Last American WWI Veteran Dies

WASHINGTON — Frank Woodruff Buck­les, the last sur­viv­ing Amer­i­can World War I vet­er­an, died yes­ter­day (Feb. 27, 2011) at his West Vir­ginia home. He was 110.
Six­teen-year-old Buck­les enlist­ed in the Army on Aug. 14, 1917 after lying to sev­er­al recruiters about his age.
“I was just 16 and didn’t look a day old­er. I con­fess to you that I lied to more than one recruiter. I gave them my solemn word that I was 18, but I’d left my birth cer­tifi­cate back home in the fam­i­ly Bible. They’d take one look at me and laugh and tell me to home before my moth­er noticed I was gone,” Buck­les wrote in 2009.

Frank Buckles, the last living American World War I veteran
Defense Sec­re­tary Robert M. Gates, left, talks with Frank Buck­les, the last liv­ing Amer­i­can World War I vet­er­an, dur­ing a Pen­ta­gon cer­e­mo­ny March 6, 2008. Buck­les died Feb. 27, 2011 at age 110.
DOD pho­to by R. D. Ward
Click to enlarge

Buck­les tried the Marines and Navy, but both turned him away. An Army recruiter, how­ev­er, accept­ed his sto­ry.

“Some­how I got the idea that telling an even big­ger whop­per was the way to go. So I told the next recruiter that I was 21 and darned if he didn’t sign me up on the spot!” he wrote.

Buck­les earned the rank of cor­po­ral and trav­eled Eng­land and France serv­ing as an ambu­lance dri­ver. After the Armistice in 1918, Buck­les escort­ed pris­on­ers of war back to Ger­many. He was dis­charged in 1920.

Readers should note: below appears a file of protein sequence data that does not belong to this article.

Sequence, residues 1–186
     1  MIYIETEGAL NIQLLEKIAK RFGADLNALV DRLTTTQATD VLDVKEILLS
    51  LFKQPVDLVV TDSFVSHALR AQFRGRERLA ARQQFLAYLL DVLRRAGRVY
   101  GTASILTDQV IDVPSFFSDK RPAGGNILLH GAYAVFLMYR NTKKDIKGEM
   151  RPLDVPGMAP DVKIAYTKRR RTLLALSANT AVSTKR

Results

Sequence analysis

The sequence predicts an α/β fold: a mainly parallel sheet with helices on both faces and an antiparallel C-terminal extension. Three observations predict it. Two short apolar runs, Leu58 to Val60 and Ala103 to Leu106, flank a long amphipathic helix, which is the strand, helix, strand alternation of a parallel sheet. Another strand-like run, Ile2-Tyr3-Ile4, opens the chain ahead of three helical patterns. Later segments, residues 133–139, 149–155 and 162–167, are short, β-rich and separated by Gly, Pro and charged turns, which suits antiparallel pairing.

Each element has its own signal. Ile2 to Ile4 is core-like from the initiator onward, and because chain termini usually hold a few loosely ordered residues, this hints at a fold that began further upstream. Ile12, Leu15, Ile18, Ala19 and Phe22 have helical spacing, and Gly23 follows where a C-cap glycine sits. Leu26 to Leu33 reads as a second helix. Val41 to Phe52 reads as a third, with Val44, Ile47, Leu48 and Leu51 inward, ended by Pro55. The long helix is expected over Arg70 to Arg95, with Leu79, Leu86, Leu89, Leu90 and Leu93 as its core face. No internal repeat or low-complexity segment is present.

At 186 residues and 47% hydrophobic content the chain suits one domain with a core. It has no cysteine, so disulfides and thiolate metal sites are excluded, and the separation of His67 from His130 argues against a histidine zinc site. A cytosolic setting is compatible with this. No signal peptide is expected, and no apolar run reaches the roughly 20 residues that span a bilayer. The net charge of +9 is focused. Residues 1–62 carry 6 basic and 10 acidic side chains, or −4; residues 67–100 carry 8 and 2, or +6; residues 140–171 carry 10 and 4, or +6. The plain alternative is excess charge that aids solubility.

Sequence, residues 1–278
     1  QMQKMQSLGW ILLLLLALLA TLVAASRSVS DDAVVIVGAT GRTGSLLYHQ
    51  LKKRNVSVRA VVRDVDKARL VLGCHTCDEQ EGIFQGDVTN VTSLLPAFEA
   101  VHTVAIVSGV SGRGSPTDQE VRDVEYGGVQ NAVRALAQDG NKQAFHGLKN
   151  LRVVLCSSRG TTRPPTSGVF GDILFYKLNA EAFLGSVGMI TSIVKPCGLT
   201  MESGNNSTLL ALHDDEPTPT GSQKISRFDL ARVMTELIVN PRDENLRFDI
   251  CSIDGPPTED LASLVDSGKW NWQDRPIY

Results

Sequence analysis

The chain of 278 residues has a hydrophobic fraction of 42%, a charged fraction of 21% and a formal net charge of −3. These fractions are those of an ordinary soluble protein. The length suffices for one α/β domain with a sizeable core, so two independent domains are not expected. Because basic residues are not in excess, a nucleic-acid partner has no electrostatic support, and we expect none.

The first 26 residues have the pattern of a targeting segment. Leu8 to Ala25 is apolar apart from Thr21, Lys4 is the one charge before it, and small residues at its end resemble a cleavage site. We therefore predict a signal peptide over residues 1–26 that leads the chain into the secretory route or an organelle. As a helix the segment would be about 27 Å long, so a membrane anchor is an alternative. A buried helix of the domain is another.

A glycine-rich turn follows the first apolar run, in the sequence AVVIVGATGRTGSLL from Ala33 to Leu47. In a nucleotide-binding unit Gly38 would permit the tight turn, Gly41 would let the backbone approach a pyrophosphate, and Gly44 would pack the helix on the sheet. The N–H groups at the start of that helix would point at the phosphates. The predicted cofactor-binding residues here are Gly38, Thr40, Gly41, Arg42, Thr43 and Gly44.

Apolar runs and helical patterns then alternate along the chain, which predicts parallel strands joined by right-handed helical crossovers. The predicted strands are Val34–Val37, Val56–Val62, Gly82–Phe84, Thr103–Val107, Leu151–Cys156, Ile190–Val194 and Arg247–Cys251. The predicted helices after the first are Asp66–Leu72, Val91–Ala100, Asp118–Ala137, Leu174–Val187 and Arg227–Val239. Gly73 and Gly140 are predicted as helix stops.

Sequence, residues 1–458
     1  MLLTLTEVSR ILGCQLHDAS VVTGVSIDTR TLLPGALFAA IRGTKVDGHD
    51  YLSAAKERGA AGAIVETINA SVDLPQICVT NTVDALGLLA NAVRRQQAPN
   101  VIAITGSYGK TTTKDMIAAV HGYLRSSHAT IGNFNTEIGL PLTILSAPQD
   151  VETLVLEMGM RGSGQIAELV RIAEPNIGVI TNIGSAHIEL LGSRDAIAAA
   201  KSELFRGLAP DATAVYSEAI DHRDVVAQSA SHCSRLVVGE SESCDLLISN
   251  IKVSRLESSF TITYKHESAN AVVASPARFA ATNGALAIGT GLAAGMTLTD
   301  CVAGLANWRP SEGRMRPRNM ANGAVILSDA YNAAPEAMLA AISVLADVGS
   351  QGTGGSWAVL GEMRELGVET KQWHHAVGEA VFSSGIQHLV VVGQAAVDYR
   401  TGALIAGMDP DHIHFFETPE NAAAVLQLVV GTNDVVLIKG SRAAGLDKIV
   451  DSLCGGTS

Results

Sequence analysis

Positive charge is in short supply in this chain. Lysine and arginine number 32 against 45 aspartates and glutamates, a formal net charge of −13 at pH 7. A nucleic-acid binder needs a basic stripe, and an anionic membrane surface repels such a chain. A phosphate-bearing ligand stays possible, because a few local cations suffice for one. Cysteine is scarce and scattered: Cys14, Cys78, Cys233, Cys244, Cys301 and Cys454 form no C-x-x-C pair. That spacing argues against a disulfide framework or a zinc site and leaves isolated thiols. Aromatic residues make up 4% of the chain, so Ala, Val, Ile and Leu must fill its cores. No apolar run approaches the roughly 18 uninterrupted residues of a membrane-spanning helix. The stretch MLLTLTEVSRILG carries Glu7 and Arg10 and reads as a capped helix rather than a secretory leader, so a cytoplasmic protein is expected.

In 1942 Buck­les worked as a civil­ian for a ship­ping com­pa­ny in the Philip­pines, where he was cap­tured in Mani­la by the Japan­ese the day after they attacked Pearl Har­bor, Hawaii. He spent three and a half years in the Los Baños prison camp. He was res­cued on Feb­ru­ary 23, 1945.

Buck­les mar­ried Audrey Mayo of Pleasan­ton, Calif., in 1946. The cou­ple moved to his Gap View Farm near Charles Town in Jan­u­ary 1954 where Buck­les report­ed­ly con­tin­ued to dri­ve his trac­tor until he was 106.

On Feb­ru­ary 4, 2008, with the death of 108-year-old Har­ry Richard Lan­dis, Buck­les became the last sur­viv­ing Amer­i­can World War I vet­er­an. Since, Buck­les cham­pi­oned vet­er­ans’ caus­es, was invit­ed to the White House and hon­ored at the Pen­ta­gon.

In March 2008 Defense Sec­re­tary Robert M. Gates hon­ored Buck­les dur­ing a Pen­ta­gon cer­e­mo­ny in which offi­cials unveiled a World War I vet­er­ans’ exhib­it.

“Who­ev­er views this dis­play will, I am sure, feel a con­nec­tion to Mr. Buck­les and his com­rades-in-arms,” Gates said. “We will always be grate­ful for what they did for their coun­try 90 years ago.”

Buck­les, then 107, received a stand­ing ova­tion from the most­ly mil­i­tary audi­ence.

“I feel hon­ored to be here as a rep­re­sen­ta­tive of the vet­er­ans of WWI and I thank you,” Buck­les said.

Buck­les is sur­vived by his daugh­ter, Susan­nah Buck­les Flana­gan. His wife, Audrey, died in 1999.

In a White House state­ment issued today Pres­i­dent Barack Oba­ma and First Lady Michelle Oba­ma salut­ed the fall­en vet­er­an.

“Frank Buck­les lived the Amer­i­can Cen­tu­ry,” the Pres­i­dent stat­ed. “Like so many vet­er­ans, he returned home, con­tin­ued his edu­ca­tion, began a career, and along with his late wife Audrey, raised their daugh­ter Susan­nah. And just as Frank con­tin­ued to serve Amer­i­ca until his pass­ing, as the Hon­orary Chair­man of the World War I Memo­r­i­al Foun­da­tion, our nation has a sacred oblig­a­tion to always serve our vet­er­ans and their fam­i­lies as well as they’ve served us.

“We join Susan­nah and all those who knew and loved her father in cel­e­brat­ing a remark­able life that reminds us of the true mean­ing of patri­o­tism and our oblig­a­tions to each oth­er as Amer­i­cans.”

Source:
U.S. Depart­ment of Defense
Office of the Assis­tant Sec­re­tary of Defense (Pub­lic Affairs)

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